Households across the rich world have never been so gloomy. They seem to be suffering from a coronavirus comedown.
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*comedown: a feeling of depression
downbeat: pessimistic or gloomy
surge: a sudden, large increase, often temporary
to despise: to feel contempt or deep repugnance
price-gouging: overcharging by quickly increasing the price to take advantage of sudden high demand
gloominess: a state of depression/despondency
pundit: an expert who gives their opinion to the public
stimulus bonanza: government aid or benefits given to people to promote spending and prosperity
to dole s.t. out : to distribute shares of s.t.
to boost: to help s.t. to increase or improve
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Consumer confidence: the COVID comedown*
In the summer of 2021, people felt good. Unemployment was falling, wages were growing, and everyone could eat indoors and travel again. Little surprise, then, that consumer confidence across the rich world was above its long-term average. This summer has been very different. People are astonishingly downbeat—more so even than during the global financial crisis of 2007-09 or the first lockdowns of 2020.
What has changed? The obvious explanation is a once-in-a-generation surge in inflation. Across the OECD club of mostly rich countries, prices are rising by about 10% a year. Economists dislike inflation; the general public despises it. Many people think that price-gouging firms are taking them for fools.
Yet high inflation is not a sufficient explanation for the gloominess. Our analysis finds that American consumer sentiment is about a third lower than you would expect given the rate of inflation.
Behavioural economics offers three other potential explanations.
The first is to do with expectations. In 2020 many pundits speculated that, once Covid-19 was beaten, the world would enter the “roaring twenties”. So far, that hasn’t happened. Productivity growth remains low; no one owns a flying car. How could you not be disappointed?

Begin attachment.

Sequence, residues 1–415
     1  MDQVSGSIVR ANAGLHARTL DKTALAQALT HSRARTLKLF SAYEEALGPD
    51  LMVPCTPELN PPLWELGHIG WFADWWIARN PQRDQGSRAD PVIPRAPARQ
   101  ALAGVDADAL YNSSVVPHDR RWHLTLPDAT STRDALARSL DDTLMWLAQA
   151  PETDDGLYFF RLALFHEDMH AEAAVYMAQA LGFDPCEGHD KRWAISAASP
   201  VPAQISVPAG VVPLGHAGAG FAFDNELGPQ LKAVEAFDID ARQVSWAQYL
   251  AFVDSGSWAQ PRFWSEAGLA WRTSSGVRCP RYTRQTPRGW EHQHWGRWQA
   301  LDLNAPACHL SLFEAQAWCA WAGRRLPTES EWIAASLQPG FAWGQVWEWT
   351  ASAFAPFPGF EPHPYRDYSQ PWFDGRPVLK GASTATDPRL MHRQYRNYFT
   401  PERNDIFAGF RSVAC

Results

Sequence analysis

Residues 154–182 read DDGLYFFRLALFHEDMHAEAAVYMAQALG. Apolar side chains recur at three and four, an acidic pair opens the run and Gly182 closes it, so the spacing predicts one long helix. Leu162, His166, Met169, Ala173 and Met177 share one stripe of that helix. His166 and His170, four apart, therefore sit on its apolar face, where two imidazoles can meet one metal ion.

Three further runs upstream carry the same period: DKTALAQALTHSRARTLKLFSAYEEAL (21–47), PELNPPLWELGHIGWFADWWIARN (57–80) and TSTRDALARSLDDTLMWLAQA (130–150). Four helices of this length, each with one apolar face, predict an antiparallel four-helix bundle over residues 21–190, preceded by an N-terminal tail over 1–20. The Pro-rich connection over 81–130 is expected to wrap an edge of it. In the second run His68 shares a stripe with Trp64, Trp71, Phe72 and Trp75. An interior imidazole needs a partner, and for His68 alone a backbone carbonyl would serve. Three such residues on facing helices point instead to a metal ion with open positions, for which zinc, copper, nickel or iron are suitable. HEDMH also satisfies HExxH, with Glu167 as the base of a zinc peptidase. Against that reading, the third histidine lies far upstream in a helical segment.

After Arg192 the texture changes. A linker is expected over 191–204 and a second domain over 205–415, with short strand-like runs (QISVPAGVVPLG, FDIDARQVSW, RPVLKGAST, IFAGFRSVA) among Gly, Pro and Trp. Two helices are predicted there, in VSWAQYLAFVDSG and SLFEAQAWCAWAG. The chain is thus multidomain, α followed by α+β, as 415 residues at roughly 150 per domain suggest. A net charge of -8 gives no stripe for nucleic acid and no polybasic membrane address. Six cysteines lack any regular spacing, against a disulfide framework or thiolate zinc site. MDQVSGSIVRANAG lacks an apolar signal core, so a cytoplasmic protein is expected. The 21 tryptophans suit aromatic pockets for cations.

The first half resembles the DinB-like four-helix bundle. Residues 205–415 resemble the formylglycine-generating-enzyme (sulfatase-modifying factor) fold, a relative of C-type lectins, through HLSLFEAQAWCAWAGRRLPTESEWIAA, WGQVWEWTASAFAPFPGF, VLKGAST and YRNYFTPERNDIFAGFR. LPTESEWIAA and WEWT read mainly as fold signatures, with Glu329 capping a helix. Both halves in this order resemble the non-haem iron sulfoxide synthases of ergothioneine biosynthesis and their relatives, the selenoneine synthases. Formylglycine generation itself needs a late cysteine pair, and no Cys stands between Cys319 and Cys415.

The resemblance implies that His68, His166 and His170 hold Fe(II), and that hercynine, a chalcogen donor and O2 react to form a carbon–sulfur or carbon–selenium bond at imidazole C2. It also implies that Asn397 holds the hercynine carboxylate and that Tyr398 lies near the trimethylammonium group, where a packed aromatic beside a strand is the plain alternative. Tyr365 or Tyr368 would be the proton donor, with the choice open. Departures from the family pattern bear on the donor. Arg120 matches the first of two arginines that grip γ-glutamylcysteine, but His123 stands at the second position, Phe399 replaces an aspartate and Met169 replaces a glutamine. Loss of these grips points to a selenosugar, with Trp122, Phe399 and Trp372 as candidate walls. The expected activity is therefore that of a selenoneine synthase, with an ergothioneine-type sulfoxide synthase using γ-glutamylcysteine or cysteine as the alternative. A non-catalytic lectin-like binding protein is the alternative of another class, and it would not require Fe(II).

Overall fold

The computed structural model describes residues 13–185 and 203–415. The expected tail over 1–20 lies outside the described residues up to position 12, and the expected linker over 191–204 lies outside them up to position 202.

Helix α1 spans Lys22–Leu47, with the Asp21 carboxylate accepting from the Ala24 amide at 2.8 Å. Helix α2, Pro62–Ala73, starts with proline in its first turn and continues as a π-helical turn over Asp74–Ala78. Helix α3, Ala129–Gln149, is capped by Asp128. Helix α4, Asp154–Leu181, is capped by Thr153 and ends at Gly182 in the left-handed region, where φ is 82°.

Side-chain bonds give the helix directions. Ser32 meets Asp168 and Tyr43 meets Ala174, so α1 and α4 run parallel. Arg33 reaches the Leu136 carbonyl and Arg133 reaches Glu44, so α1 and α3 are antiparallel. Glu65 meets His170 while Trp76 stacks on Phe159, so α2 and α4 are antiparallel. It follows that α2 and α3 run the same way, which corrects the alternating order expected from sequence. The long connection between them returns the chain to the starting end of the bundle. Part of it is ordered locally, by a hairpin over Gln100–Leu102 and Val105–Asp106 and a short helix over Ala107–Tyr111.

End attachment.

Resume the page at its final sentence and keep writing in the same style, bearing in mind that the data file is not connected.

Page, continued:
The second relates to the comedown from the stimulus bonanza. In 2020-21, rich-world governments doled out trillions of dollars to households, boosting disposable incomes by an unusually large amount. This year governments have largely stopped the handouts. Average disposable incomes are now falling, even without accounting for inflation. Nobody likes that.
The third relates to the stimulus bonanza itself. A new working paper by Ania Jaroszewicz of Harvard University, and colleagues, finds tentative evidence that people who get modest cash payments of up to $2,000—the sort of amounts given out during the pandemic—actually become unhappier. These payments are not big enough to be life-changing, and may simply highlight what recipients are unable to afford. The fiscal response to Covid, it seems, has a sting in its tail.
Adapted from this article by ECP coach Darren ‘Kez’ Kurien
Let’s chat about that
- Describe how you feel after the Covid pandemic.
- Are you less or more optimistic this year compared to last year?
- The article talks about rich countries. Do you think you could be happier living in a poor country?
- Is having money the key to happiness? If not, what is the key?
- Has your government done enough to help people out financially? What more should/could they do?
- Has government money gone to the people who need it most? What can be done to redirect wealth to the most needy people?